If your child has allergies, you’re probably on high alert for signs of an allergic reaction and its triggers. This guide will help you understand allergies, how you can treat them at home, and when to seek the advice of your pediatrician or emergency medical facility.
SYMPTOMS: MILD OR SEVERE?
For most people, allergy symptoms usually range from mild to moderate. For example, during hay fever season, your child may experience itchy, watery eyes, frequent sneezing or nasal congestion. Food or skin allergies may cause mild stomach upset or hives.
A severe allergic reaction requires immediate attention, as it may lead to anaphylaxis—a life-threatening condition that can cause coma or even death if not treated immediately. Take your child to the nearest emergency room if they are experiencing any of the following:
- shortness of breath or wheezing
- tightness in the throat
- trouble breathing or swallowing
- severe cramping, diarrhea or vomiting
- tingling or swelling of the tongue or lips
- pale, damp skin
- dizziness or fainting
Allergic rhinitis, better known as hay fever, typically occurs in the spring or fall as a reaction to pollen released into the air by plants, trees and grass cuttings. Symptoms may include itchy, watery or swollen eyes, a runny or congested nose, and soreness or itching at the back of the throat.
You can help relieve your child’s mild to moderate symptoms with an over-the-counter remedy, such as an antihistamine (tablets or syrup), plus a nonprescription nasal steroid spray to reduce congestion. If such treatments don’t provide sufficient relief—for example, if your child has trouble sleeping—then see your pediatrician. Certain prescription medications may be more effective than or in conjunction with over-the-counter remedies.
If your child experiences an adverse reaction––diarrhea, vomiting or belly pain, nasal congestion or wheezing, itching, tingling, or swelling, especially in the lips, tongue and throat––immediately or within a few hours after ingesting a certain food or ingredient, then an allergy could be at play. The most common trigger foods include milk, eggs, peanuts and tree nuts, fish and shellfish, soy, wheat, and occasionally citrus fruits.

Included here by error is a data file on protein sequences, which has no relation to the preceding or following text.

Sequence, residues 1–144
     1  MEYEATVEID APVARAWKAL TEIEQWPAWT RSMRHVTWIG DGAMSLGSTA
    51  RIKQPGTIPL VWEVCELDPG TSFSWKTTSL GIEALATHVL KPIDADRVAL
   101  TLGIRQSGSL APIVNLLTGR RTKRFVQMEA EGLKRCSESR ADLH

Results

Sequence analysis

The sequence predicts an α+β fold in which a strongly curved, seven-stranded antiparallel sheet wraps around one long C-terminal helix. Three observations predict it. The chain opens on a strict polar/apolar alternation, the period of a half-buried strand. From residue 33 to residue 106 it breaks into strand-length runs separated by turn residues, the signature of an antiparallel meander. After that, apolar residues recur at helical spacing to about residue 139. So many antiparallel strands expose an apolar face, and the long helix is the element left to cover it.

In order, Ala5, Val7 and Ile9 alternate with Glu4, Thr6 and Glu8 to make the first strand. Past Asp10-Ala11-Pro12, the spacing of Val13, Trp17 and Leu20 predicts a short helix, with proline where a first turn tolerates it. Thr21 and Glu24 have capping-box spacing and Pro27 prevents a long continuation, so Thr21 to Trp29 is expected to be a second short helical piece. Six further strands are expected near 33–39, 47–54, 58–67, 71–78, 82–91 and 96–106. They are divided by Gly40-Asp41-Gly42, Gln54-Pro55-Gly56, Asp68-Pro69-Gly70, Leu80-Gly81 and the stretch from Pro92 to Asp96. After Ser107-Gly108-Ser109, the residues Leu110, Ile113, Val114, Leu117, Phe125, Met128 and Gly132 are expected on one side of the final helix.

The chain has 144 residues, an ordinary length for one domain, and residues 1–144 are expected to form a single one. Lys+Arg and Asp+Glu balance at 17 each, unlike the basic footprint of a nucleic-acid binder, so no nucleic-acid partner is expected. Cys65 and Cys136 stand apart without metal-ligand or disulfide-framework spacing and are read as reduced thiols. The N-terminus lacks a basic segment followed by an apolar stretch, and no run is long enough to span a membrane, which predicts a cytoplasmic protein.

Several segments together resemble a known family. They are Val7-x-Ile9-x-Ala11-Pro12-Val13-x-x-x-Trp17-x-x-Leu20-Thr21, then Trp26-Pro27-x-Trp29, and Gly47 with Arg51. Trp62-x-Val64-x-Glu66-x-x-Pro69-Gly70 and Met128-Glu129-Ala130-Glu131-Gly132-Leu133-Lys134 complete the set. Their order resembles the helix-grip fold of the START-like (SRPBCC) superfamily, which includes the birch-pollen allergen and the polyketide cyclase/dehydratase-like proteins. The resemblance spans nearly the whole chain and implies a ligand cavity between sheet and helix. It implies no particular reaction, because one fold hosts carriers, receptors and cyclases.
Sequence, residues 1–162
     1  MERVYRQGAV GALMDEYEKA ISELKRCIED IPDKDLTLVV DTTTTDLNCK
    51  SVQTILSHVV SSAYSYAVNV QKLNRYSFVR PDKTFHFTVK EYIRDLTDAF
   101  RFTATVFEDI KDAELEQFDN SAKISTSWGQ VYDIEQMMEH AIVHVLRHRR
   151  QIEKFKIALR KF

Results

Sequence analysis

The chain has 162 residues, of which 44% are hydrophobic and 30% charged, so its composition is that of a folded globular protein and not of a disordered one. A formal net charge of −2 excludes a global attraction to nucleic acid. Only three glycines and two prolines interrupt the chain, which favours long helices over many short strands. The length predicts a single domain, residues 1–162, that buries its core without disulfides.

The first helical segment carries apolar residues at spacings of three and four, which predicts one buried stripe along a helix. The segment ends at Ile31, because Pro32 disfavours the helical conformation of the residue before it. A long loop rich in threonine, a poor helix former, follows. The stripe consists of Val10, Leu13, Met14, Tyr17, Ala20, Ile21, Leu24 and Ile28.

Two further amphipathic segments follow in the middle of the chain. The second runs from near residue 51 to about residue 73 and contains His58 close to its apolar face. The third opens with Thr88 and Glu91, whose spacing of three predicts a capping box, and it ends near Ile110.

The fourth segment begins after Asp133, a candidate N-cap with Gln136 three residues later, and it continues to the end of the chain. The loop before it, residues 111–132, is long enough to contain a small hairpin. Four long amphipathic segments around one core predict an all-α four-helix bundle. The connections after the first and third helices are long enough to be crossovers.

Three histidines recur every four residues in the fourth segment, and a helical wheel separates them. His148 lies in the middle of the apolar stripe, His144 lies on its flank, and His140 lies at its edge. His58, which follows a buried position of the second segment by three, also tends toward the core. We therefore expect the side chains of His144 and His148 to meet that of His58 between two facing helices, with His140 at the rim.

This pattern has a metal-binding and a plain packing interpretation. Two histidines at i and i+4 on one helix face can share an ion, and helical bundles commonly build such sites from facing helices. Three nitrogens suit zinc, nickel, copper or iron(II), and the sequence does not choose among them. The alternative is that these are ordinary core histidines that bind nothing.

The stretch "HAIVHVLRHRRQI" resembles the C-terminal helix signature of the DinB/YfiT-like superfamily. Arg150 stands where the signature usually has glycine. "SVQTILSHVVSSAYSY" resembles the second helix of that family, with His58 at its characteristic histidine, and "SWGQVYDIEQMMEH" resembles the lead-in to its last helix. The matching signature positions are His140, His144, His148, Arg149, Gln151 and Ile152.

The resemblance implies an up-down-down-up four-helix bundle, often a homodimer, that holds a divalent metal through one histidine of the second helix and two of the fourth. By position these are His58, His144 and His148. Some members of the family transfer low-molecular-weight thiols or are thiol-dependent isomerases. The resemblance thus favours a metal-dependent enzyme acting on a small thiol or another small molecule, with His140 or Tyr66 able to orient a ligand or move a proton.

Seek immediate medical treatment if your child experiences:
- Constriction of airways or difficulty breathing
- Rapid pulse
- Dizziness or fainting
- Shock, characterized by pale, damp skin or a severe drop in blood pressure
While some kids outgrow sensitivity to certain foods, other sensitivities, especially to peanuts, require a lifetime of vigilance. You can help your child by establishing firm rules about foods that trigger symptoms and finding suitable alternatives among “safe” foods.
An allergic skin reaction, or contact dermatitis, occurs when skin comes into contact with an irritant (such as soap or lotion, a wet diaper, pet dander or saliva) or an allergen (bee stings, poison ivy, latex, or metals). The skin may react with an itchy rash, red welts or blisters.
Bathe your child’s rash in lukewarm water containing baking soda or an oatmeal-based product like Aveeno. Non-prescription anti-itch creams can help, as can an over-the-counter oral antihistamine like Benadryl. If the rash is severe or spreads into your child’s eyes, ears or genitals, call your pediatrician, who will likely prescribe a steroid cream or other medicine to help reduce itching and inflammation.
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